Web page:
Is this True?

So I'm perusing my Bartlett's Familiar Quotations and I come across this one. (Writers, please sit down.)

The true writer has nothing to say. What counts is the way he says it.
Alain Robbe-Grillet

I staggered about my office, flummoxed and dizzy. Yes, yes, the way we say it--voice and all that--but having nothing to say?

It's true there's nothing new under the sun, BUT not all us have had the same experiences in life. We have stories to tell, secrets to divulge, mysteries to solve. And other times, it actually is the shared experience we wish to indulge in because it helps us to identify ourselves and to know that we are not alone.

In fact, I think that's one of the most important things a writer, especially a children's writer, can convey: you are not alone. Strong, fictional characters become our friends; readers become loyal to authors who can deliver that familiarity with genuineness. When I pick up a book by one of my favorite authors, I'm instantly all nice and cozy--they're such good hosts! (Then there are my favorite mystery/suspense writers who offer something entirely different. Instead of cappuccino, they toss me a gun and then there's all that running around and stuff. Still, I like the excitement.)

So, back to the quote: The true writer has nothing to say. What do you think?

10 comments:

Kim Kasch said...

I must not be a true writer 'cuz I'm a yickety-yackety talkity-chattier.

:)

Stephen Parrish said...

This is a no-brainer. I disagree with the quote. There are plenty of things that are worth saying, and that need to be said. And there ARE new things under the sun. All the time.

What you say is more important than how you say it, because the latter is meaningless in the absence of the former.

Take that, Alain Robbe-Grillet!

Sandy Nawrot said...

The quote is way off base. In nearly every book I read, there is a message. The author has something on their mind! Perhaps what this quote is trying to say is that it may not be the first time this thought or idea has been expressed. The way the author expresses it, though, is what makes it their own!

Stella said...

I disagree - vehemently. Every book I read has something different to offer, sometimes it's a lesson on snappy dialogue or a study of how to create a mysterious atmosphere or... who knows? Until I open a book and begin the journey, I won't know.

Charles Gramlich said...

There are some "writers" who fit that mold. They're style over substance. I don't read those writers. Needless to say, I think the quote is just silly, and exactly the opposite of what the truth should be.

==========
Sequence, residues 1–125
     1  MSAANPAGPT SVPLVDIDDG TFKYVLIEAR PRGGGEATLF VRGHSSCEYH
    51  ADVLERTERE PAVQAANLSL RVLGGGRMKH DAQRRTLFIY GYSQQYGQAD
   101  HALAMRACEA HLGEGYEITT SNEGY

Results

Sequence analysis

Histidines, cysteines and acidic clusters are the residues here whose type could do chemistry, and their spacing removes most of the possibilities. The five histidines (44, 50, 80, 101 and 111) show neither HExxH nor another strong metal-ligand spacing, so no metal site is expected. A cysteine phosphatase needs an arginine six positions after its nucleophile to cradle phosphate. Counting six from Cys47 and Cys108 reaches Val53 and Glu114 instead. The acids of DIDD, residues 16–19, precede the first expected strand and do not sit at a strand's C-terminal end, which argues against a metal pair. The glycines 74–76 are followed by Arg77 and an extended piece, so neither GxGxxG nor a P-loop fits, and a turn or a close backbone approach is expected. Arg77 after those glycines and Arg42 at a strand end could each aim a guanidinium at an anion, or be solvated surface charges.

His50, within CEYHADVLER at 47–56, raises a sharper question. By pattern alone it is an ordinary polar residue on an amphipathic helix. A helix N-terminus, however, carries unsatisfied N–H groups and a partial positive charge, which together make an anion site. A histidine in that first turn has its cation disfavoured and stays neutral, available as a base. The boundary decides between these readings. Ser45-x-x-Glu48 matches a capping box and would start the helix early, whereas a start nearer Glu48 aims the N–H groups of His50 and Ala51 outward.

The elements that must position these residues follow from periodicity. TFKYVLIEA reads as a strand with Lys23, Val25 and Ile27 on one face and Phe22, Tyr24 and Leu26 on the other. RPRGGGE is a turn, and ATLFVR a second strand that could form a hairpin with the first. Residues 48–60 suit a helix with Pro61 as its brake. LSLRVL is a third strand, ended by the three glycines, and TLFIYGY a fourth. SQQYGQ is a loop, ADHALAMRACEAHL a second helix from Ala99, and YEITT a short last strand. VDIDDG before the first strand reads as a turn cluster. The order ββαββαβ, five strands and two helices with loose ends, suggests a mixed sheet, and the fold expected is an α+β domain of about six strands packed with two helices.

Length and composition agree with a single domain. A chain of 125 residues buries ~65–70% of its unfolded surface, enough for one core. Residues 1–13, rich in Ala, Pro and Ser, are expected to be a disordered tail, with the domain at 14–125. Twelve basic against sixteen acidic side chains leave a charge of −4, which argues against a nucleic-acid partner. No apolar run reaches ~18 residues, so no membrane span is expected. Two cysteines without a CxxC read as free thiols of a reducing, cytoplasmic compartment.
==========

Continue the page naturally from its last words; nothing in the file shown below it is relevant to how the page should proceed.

Christina Farley said...

Very interesting. I'd like to know when the quote came into effect. Was it during the 5th century that suddenly everything that needed to be said was said or was it like a hundred years ago or yesterday. :)

Danette Haworth said...

Kim,
I had the same thought about my own longwinded self!

Stephen,
I disagree with the quote too. You nailed him!

Besides, I thought it was lawyers who learned how to write without actually saying anything.

Sandy,
Yes, so true. And yet, I still take umbrage at the first sentence. : )

Angela said...

I think some people come up with quotes like that to get attention.

I mean, it's kind of like:

-A true swimmer hates the water

-A true pilot flies with his eyes closed

It's all sort of - whatever.

I've also read interviews by some of my favorite writers who say the opposite things. Like in one interview saying "I write for myself only myself and don't care if anyone else likes a word of it." And in another interview answering the same question "With every sentence, with every word, my thought is on the child at the other end reading my words."

That being said, I talk a lot and write a lot. I have a lot to say.

But I think my characters are much more interesting than I am (I hope so, at least)

BTW Dannette - I like what you have to say!

Kim Kasch said...

I've awarded you a Kreativ Blogger award. Stop by my blog to pick it up.

Mary Witzl said...

I've heard this before -- one of those cliches that sounds so clever until you really stop to consider what it means. It's like saying real cooks don't need food to cook with -- it's all technique. I've got tons to say, personally. All the technique and voice in the world won't help a writer if she doesn't have anything to say.

(And boy, am I glad everyone else agrees that this is nonsense!)